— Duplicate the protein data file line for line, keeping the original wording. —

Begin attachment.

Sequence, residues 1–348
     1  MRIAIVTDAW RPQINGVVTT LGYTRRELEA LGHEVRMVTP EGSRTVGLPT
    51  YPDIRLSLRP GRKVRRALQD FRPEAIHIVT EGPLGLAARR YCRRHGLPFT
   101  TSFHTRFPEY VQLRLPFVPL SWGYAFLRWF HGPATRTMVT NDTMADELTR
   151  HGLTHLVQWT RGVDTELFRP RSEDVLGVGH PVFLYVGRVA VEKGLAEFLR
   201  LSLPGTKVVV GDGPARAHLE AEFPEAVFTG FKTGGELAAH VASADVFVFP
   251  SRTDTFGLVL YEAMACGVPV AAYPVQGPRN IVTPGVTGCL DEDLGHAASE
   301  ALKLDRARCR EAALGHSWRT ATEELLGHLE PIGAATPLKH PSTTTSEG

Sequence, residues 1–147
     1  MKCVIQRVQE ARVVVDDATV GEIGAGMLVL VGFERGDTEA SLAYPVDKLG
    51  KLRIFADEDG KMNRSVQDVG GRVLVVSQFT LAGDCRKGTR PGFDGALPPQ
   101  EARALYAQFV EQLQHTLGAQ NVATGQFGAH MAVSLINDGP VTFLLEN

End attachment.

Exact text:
Sequence, residues 1–348
     1  MRIAIVTDAW RPQINGVVTT LGYTRRELEA LGHEVRMVTP EGSRTVGLPT
    51  YPDIRLSLRP GRKVRRALQD FRPEAIHIVT EGPLGLAARR YCRRHGLPFT
   101  TSFHTRFPEY VQLRLPFVPL SWGYAFLRWF HGPATRTMVT NDTMADELTR
   151  HGLTHLVQWT RGVDTELFRP RSEDVLGVGH PVFLYVGRVA VEKGLAEFLR
   201  LSLPGTKVVV GDGPARAHLE AEFPEAVFTG FKTGGELAAH VASADVFVFP
   251  SRTDTFGLVL YEAMACGVPV AAYPVQGPRN IVTPGVTGCL DEDLGHAASE
   301  ALKLDRARCR EAALGHSWRT ATEELLGHLE PIGAATPLKH PSTTTSEG

Sequence, residues 1–147
     1  MKCVIQRVQE ARVVVDDATV GEIGAGMLVL VGFERGDTEA SLAYPVDKLG
    51  KLRIFADEDG KMNRSVQDVG GRVLVVSQFT LAGDCRKGTR PGFDGALPPQ
   101  EARALYAQFV EQLQHTLGAQ NVATGQFGAH MAVSLINDGP VTFLLEN